Helping kids to toggle between classroom lessons and home-based learning

Experts advise giving children a safe space to express their feelings.
Experts advise giving children a safe space to express their feelings.PHOTO: ST FILE

SINGAPORE - School life in the post-circuit breaker period is anything but normal. While students doing national exams attend school daily, children in other levels alternate between a week of classroom learning and a week of home-based learning (HBL).

The new schedule, which affects those in primary and secondary schools, as well as junior colleges, is part of social distancing measures to curb the community spread of Covid-19 as the country re-opens in phases.

Toggling between classroom and home will be challenging for kids, as well their parents, some of whom have returned to work this month. Experts advise giving children a safe space to express their feelings while keeping to a structured routine during HBL.

"A consistent classroom and home routine is important for helping children to transition between different activities throughout the day. Alternating weekly between school and home-based learning will disrupt that consistency for children," says Ms Pamela See, educational and developmental psychologist at Think Psychological Services and Think KIDS.

Some children may become anxious as they cannot cope with the different demands of school-based learning and HBL, she adds. This may show up as tantrums, constant worrying, avoiding revision, regressive behaviour, withdrawing from activities and friends, and changes in sleeping and hygiene habits.

Ms Tan Su-Lynn, senior educational psychologist at Promises Healthcare, says that kids with special needs or learning difficulties may also be worried about keeping up with school work or or re-adapting to relationships with classmates and teachers.

Mr Tan Wei Jie, co-founder and English specialist at Good School Learning Hub enrichment centre, says during HBL weeks, children may suffer from a lack of supervision, especially if their parents are back in the office.

Some may be distracted and try to multitask during online lessons, while others who are less independent may not be able to complete their assignments.

The experts offer these tips to manage the transition:


Mr Tan, a former secondary school teacher for four years, advises parents to keep their kids to a regular sleeping and waking schedule even during HBL weeks.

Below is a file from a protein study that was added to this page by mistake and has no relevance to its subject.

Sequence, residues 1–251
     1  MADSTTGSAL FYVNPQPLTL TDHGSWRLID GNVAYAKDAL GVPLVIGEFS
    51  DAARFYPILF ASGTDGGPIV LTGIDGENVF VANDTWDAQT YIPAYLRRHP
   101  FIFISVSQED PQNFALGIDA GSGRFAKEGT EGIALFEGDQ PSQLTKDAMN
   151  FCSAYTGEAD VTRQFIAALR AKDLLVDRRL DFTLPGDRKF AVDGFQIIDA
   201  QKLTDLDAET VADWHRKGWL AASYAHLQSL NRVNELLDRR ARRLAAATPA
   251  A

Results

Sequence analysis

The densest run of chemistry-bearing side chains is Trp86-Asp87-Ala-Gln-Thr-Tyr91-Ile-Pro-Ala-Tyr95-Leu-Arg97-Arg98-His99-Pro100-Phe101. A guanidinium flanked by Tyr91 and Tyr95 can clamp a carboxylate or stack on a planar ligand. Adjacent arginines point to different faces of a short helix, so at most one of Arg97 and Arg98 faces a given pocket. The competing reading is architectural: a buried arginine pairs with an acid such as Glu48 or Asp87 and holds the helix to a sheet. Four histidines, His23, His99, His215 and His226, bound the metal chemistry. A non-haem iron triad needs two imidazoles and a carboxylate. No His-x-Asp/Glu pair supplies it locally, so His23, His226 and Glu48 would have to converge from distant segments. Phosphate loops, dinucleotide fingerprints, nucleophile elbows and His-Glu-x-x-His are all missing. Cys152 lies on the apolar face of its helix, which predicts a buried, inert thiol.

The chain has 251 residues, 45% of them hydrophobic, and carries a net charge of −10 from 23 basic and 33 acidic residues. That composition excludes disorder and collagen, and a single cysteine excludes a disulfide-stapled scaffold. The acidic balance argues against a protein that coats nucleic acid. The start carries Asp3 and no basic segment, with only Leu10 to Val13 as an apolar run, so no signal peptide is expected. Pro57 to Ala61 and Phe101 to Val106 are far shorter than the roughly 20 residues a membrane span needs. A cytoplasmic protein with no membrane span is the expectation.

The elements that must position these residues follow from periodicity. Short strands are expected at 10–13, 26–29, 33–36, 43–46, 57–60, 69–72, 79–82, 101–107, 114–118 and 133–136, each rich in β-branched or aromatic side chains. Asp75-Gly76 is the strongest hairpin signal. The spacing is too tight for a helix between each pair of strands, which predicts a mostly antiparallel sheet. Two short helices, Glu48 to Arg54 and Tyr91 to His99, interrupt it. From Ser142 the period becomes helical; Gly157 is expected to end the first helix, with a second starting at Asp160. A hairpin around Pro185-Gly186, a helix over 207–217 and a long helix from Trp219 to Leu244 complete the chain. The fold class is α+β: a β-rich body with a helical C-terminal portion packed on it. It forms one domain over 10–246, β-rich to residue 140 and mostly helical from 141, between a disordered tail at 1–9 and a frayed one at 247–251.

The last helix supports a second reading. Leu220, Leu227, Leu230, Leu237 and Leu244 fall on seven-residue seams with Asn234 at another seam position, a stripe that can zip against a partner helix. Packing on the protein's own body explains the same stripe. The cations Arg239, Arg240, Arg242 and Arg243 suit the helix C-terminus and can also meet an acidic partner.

They can create a family WhatsApp group just for school work where kids can post screenshots of completed work. At the same time, parents should check with teachers if their child is handing in assignments on time.


"Use video conferencing tools to check on your child. For example, you can get your child to share his screen with you on a Zoom session so that you can watch his screen on your smartphone as and when you wish," he adds.

Psychologist Ms Tan says parents can empower their kids by giving some choice in how they want to complete their HBL and homework tasks. "Giving them ownership of crafting their own timetable will certainly help to keep them motivated in following through with the plan."


Ms See says it's important for parents to communicate openly with their kids and create a safe space where they can share their challenges about this transition period.

Ms Tan adds: "Listen to them when they are ready to talk, and help them to integrate and connect back to calm themselves."

She explains that children should be taught to express their feelings so they can learn to manage them in a positive way. "Holding in or denying our emotions could sometimes unconsciously result in angry outbursts or aggressive behaviour."


Mr Tan says children who performed well academically in the past may find their grades affected by the many changes to school life.


He encourages mums and dads to manage their expectations, as children look to their parents for "reassurance that they just need to perform to the best of their abilities and not to be too stressed by the current unprecedented situation".

Ms Tan says parents should also have empathy for themselves. "Yes, it is messy and chaotic, and it is okay to be not okay with any of this. Children learn by watching the behaviours and reactions of the adults around them, so this is a critical opportunity to prepare them to deal with uncertainties in life."